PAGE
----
Let $\Phi$ be a crystallographic root system in an $n$-dimensional Euclidean vector space $(V,\langle\cdot,\cdot\rangle)$. For a root $\alpha\in \Phi$ we use $\alpha^\vee := \frac{2}{\langle \alpha,\alpha\rangle}\alpha$ to denote the corresponding co-root. Suppose that the simple roots of $\Phi$ are $\alpha_1,\ldots,\alpha_n$. For $I\subseteq[n]$, let $\Phi_I$ denote the corresponding parabolic sub-root system, i.e., $\Phi_I := \Phi\cap \mathrm{Span}_{\mathbb{R}}\{\alpha_i\colon i\in I\}$. Use $\Phi^+_I$ for the positive roots of $\Phi_I$ (with respect to the choice of simple roots $\{\alpha_i\colon i\in I\}$).

**Claim**: Let $I\subseteq [n]$. Let $u = \sum_{i\in I}a_i\alpha_i$ be an element of $\mathrm{Span}_{\mathbb{R}}\{\alpha_i\colon i\in I\}$ which is zero or a *minuscule weight* of $\Phi_I$, i.e., which satisfies $\langle u,\alpha^\vee\rangle \in\{0,1\}$ for all $\alpha\in \Phi^+_I$. (Note crucially that $u$ need not be an integral weight of $\Phi$.) Then $\langle u,\alpha_j^\vee\rangle > -2$ for all $j\in[n]$.

I know that the above claim is true thanks to a careful analysis of the classical types together with exhaustive computation for the exceptional types.

**Question 1**: Is there a conceptual, uniform proof of the above claim?

Now define the quantity $$M_{\Phi} := -\mathrm{min}\{\langle u,\alpha_j^\vee\rangle\colon I\subseteq [n], u=\sum_{i\in I}a_i\alpha_i \textrm{ is zero or a minuscule weight of $\Phi_I$},j\in[n]\}.$$

For example, here is the value of $M_\Phi$ for all irreducible root systems, together with the minimizing $I$ and $j$, following Bourbaki's numbering of the nodes of the Dynkin diagram:

- $\Phi = A_{2m+1}$: $M_{\Phi}= \frac{2m}{m+1}$ with $I=\{1,\ldots,m,m+2,\ldots,2m+1\}$ and $j=m+1$;
- $\Phi = A_{2m}$: $M_{\Phi}= \frac{m}{m+1}+\frac{m-1}{m}$ with $I=\{1,\ldots,m,m+2,\ldots,2m\}$ and $j=m+1$ (or also the symmetric $I=\{1,\ldots,m-1,m+1,\ldots,2m\}$ and $j=m$);
- $\Phi = B_n$: $M_{\Phi}= \frac{2n-2}{n}$ with $I=\{1,\ldots,n-1\}$ and $j=n$;
- $\Phi = C_n$: $M_{\Phi}= \frac{2n-3}{n-1}$ with $I=\{1,\ldots,n-2,n\}$ and $j=n-1$;
- $\Phi = D_n$: $M_{\Phi}= \frac{2n-5}{n-2}$ with $I=\{1,\ldots,n-3,n-1,n\}$ and $j=n-2$;
- $\Phi = G_2$: $M_{\Phi}= \frac{3}{2}$ with $I=\{2\}$ and $j=1$;
- $\Phi = F_4$: $M_{\Phi}= \frac{11}{6}$ with $I=\{1,2,4\}$ and $j=3$;
- $\Phi = E_6$: $M_{\Phi}= \frac{11}{6}$ with $I=\{1,2,3,5,6\}$ and $j=4$;
- $\Phi = E_7$: $M_{\Phi}= \frac{23}{12}$ with $I=\{1,2,3,5,6,7\}$ and $j=4$;
- $\Phi = E_8$: $M_{\Phi}= \frac{59}{30}$ with $I=\{1,2,3,5,6,7,8\}$ and $j=4$.

**Question 2**: Is there a uniform, root-theoretic formula for $M_{\Phi}$?

EDIT 1:

For context on the significance of this question, please see https://arxiv.org/abs/1803.08472, especially Remark 2.11. The inequality in the above claim is closely related to a certain integrality property of slices of $W$-permutohedra.

EDIT 2:

In some discussions with Alex Postnikov, we found a way of reformulating this question (in terms of alcoved polytopes).

For a root system $\Phi$, define the following polytope:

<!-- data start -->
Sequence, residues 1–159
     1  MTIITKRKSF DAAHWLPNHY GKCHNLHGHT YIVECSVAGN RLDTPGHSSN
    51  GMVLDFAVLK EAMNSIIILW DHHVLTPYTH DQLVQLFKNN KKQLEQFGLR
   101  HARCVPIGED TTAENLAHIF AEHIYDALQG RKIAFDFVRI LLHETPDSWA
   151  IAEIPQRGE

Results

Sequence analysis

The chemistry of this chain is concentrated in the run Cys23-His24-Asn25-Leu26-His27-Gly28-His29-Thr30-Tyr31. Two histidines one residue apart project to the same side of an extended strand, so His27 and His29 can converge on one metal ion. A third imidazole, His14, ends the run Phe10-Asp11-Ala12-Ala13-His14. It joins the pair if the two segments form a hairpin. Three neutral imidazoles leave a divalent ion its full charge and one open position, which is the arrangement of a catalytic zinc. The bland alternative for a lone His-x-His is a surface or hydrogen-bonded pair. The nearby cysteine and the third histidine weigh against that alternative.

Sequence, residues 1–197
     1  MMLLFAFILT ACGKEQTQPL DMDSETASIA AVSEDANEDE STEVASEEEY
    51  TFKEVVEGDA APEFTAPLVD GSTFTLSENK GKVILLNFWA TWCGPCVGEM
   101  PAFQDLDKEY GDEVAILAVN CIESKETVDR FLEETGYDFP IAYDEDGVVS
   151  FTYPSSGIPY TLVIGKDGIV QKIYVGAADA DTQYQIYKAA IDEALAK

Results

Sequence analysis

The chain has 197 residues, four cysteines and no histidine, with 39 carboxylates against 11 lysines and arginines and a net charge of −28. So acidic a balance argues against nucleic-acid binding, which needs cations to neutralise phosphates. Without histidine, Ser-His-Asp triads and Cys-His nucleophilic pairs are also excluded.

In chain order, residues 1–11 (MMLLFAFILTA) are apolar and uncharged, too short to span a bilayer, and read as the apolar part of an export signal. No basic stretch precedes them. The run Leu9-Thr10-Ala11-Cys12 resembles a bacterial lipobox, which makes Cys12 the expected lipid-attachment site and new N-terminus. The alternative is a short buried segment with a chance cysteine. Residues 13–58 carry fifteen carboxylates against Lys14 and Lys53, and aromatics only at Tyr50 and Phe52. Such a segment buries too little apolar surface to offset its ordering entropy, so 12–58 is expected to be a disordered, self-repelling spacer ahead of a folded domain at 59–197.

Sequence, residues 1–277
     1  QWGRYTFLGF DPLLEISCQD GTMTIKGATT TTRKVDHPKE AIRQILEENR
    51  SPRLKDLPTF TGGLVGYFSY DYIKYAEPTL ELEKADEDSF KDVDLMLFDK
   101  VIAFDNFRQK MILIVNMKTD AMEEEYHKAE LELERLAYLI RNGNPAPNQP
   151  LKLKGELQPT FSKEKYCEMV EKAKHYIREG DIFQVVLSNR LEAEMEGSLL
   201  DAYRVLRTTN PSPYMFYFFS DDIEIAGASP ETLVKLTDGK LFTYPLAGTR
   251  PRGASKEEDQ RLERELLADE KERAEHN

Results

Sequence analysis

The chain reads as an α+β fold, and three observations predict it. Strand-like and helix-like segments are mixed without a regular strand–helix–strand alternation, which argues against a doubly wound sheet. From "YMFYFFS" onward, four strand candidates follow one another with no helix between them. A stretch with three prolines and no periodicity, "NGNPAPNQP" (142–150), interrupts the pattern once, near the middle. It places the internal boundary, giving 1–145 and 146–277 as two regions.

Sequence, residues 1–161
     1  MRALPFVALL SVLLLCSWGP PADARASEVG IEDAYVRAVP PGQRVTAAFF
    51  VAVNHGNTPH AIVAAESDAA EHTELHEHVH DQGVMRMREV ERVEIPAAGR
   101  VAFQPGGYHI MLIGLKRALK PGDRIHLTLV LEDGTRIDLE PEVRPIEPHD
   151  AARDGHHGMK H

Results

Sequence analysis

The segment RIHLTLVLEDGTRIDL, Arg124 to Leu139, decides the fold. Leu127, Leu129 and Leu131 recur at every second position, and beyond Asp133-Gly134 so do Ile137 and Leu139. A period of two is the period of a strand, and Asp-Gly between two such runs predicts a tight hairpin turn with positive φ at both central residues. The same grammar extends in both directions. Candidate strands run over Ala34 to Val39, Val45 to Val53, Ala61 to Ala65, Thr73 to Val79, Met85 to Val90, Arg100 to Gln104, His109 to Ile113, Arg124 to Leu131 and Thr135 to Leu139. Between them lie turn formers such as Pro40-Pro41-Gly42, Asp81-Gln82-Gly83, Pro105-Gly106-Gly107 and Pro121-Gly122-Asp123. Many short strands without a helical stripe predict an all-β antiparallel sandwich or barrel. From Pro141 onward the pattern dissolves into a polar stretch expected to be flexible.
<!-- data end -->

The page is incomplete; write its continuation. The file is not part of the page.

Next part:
$$\mathcal{P}_{\Phi}:=\{v \in \mathrm{Span}_{\mathbb{R}}(\Phi)\colon |\langle v,\alpha^\vee\rangle | \leq 1 \textrm{ for all $\alpha\in\Phi$}\}.$$
Note that $\mathcal{P}_{\Phi}$ is not a permutohedron; if $\Phi$ is irreducible, it is an *alcoved polytope* in the sense of Lam-Postnikov (https://arxiv.org/abs/1202.4015).

**Conjecture**: Let $\Phi$ be a (crystallographic) root system in a vector space $V$. Let $U\subseteq V$ be a subspace of $V$ spanned by some subset of roots. Set $\Phi' := \Phi\cap U$, a sub-root system. Then:
$$\mathcal{P}_{\Phi'}\subseteq \mathrm{interior}(2\cdot\mathcal{P}_{\Phi}).$$

It is easy to see how this conjecture implies the above claim. I am pretty sure an exhaustive analysis could also prove this conjecture. But the question I really have is:

**Question 3**: Is there a uniform proof of the above conjecture?

EDIT 3:

Here are some updates about question 3. Note that to prove the conjecture it suffices to restrict to the case where $\Phi'$ is a maximal parabolic sub-root system of $\Phi$.

The conjecture amounts to the assertion that the minimal $\kappa$ for which $\mathcal{P}_{\Phi'}\subseteq \kappa \cdot \mathcal{P}_{\Phi}$ is strictly less than $2$. Hence rather than study $M_{\Phi}$ as I defined it above, it might make more sense to try to give a root-theoretic formula for this minimal $\kappa$ in terms of a choice of $\Phi$ and a maximal parabolic of $\Phi$ (i.e., a node of the Dynkin diagram).

Here are some pictures of how these $\mathcal{P}_{\Phi}$ and $\mathcal{P}_{\Phi'}$ look.

For $\Phi=B_3$ and $\Phi'$ the maximal parabolic corresponding to node $3$, we show $\mathcal{P}_{\Phi}$ in blue and we show $\mathcal{P}_{\Phi'}$ in red:

For $\Phi=C_3$ and $\Phi'$ the maximal parabolic corresponding to node $2$, we show $\mathcal{P}_{\Phi}$ in blue and we show $\mathcal{P}_{\Phi'}$ in red:

Of course, it suffices to restrict $\mathcal{P}_{\Phi}$ to $\mathrm{Span}_{\mathbb{R}}(\Phi')$; here is what that looks like for the previous two examples, where we also depict $2\cdot\mathcal{P}_{\Phi}$ in green to verify the requisite containment:

By restricting like this we can also depict rank 4 examples. For example, here is $\Phi=A_4$ for the parabolic corresponding to node 2 (or node 3):

And here is $\Phi=D_4$ for the parabolic corresponding to the trivalent node 2:

This is a cuboctahedron inscribed in a cube. Note that the polytope $\mathcal{P}_{\Phi}$ is the polar dual of the ``root polytope'' $\mathrm{ConvHull}(\Phi^\vee)$. Here is the polar dual of the previous example:

This is an octahedron inscribed in a rhombic dodecahedron.